Fat chance that he has no defense against S8 -- you case is what exactly? That other tenants complained? They (the other tenants) have no rights and neither do you I'm afraid. The law says that the other tenants should be abused in their home (if that is the case). The way it is.

      Comment


        #4


        Good luck getting that £50 charge past deposit arbitration...

        First sentence on landlordlawblog on ground 14:

        This is the ground that no sane private landlord would enter court with, ask any housing officer and they will show you their scars.
        What does the law state he should get back (if anything?)? He is 4 months into a 6 months tenancy agreement. Should he have to pay to the end of his fixed term?
        It doesn't state anything. Your notice doesn't end the tenancy. Without a court order, if he agrees to leave before the fixed term end, then it'll be on whatever terms you two agree on.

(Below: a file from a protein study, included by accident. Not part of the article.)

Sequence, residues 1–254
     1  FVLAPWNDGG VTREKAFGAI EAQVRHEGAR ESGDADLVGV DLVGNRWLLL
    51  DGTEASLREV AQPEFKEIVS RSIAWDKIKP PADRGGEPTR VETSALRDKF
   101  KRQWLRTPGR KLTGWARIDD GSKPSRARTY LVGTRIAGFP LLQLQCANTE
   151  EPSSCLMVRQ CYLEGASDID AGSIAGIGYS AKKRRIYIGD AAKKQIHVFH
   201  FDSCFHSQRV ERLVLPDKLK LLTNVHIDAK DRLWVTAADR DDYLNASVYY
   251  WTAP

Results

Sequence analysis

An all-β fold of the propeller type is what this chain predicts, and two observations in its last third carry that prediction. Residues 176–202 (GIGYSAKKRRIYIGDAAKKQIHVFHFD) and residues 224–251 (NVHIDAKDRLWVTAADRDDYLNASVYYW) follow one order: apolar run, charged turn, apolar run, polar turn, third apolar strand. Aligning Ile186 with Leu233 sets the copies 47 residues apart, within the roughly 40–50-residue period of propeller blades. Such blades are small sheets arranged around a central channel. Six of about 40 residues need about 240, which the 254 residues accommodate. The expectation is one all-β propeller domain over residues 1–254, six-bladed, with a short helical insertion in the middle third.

I am not a lawyer, nor am I licensed to provide any regulated advice. None of my posts should be treated as legal or financial advice.

        I do not answer questions through private messages which should be posted publicly on the forum.

        Comment


          #5
          Thank you KTC, That is exactly what I was looking for (whatever is agreed between us).

          The £50 is for me having to get up during the night to answer the calls from the other tenants, some who have to work at 5:00am, Dealing with a new tenant who actually left the property for the night because of her terror (fighting going on outside her door). Having to put up with a barrage of abuse, time taken to write up the Section 8 and deliver it on a Saturday. Dealing with 2 previous incidents and writing 2 warning letters. Not at all unreasonable, I would suggest this is a bargain!